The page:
1955 would see the Le Mans disaster of 11th June in which eighty-three spectators and Mercedes-Benz driver, Pierre Levegh lost their lives after the latter’s 300 SLR was caught up in a racing incident involving Jaguar’s Mike Hawthorn and the Austin-Healey of Lance Macklin. As a result, Mercedes-Benz withdrew from all motorsport activities with immediate effect until 1989, the same year as the passing of Uhlenhaut who, it is claimed, never actually owned a car of his own.

The absence of Alfa Romeo and now Mercedes-Benz heralded a return for Ferrari to the top step of the podium, though it was in a badge engineered car that began life as a Lancia and it wasn’t to be a long visit. The Vittorio Jano designed D50 had made its debut in 1954, driven by Alberto Ascari and featuring innovations such as the engine being used as a stressed chassis member and pannier fuel cells to aid aerodynamics and weight distribution. It was further developed by Ferrari following their acquisition of the Scuderia Lancia assets and Jano himself from the Lancia family and was piloted in 1956 by Juan Manuel Fangio on his way to his fourth world title. That same year, Jano was tasked with developing a new V12 engine for Ferrari’s sportscars and his 'Jano V12' shovelled the scarlet cars along to two World Sportscar Championship titles. However, Maserati had taken two victories from under Ferrari's nose in 1956 and two gentlemen in cardigans from a bearings factory in Acton in the United Kingdom were beginning to gain some attention.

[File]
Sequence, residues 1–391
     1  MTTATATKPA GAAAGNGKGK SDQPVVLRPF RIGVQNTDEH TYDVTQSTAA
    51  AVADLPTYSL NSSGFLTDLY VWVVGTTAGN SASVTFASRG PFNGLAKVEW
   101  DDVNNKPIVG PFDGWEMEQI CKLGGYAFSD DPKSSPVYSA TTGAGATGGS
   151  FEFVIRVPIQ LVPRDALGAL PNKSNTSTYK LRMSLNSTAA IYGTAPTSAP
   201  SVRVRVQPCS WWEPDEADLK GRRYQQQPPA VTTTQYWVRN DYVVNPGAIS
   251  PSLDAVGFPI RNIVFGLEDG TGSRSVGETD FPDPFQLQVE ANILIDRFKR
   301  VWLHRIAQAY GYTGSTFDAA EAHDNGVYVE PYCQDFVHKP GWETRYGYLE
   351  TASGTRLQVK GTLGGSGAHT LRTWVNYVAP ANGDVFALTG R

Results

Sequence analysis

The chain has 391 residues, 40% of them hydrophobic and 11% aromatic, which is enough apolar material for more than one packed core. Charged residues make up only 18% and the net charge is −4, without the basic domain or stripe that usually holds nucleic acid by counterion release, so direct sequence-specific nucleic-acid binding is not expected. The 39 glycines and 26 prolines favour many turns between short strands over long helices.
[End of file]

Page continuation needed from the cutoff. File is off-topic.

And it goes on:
Is it a Ferrari? Is it a Lancia? Who knows, but in the hands of Juan Manuel Fangio, Vittorio Jano's D50 was bloody quick

Is it a Ferrari? Is it a Lancia? Who knows, but in the hands of Juan Manuel Fangio, Vittorio Jano's D50 was bloody quick

For the 1957 season, Fangio made the short trip up the road from Maranello to Modena and slipped effortlessly into the Colombo/Colotti designed Maserati 250F. Valerio Colotti, predominantly a transmission man had been engaged with designing the tubular frame of the 250F to which Colombo’s A6, straight-six engine would be bolted. The neat package, many commentators noted, bore an uncanny resemblance to the Mercedes-Benz W196 of 1954 but the 250F was actually an updated version of the A6GCM which had made its debut at the last race of the 1953 season, thereby predating the W196. Whilst an Argentinian/Italian dream team reaped another four victories and a fifth world crown for Fangio, the Vanwall VW5, designed by Great Britain's Colin Chapman and Mike Costin scored three victories and thus brought to the sport two men who would soon leave an indelible mark on Formula One and motorsport as a whole.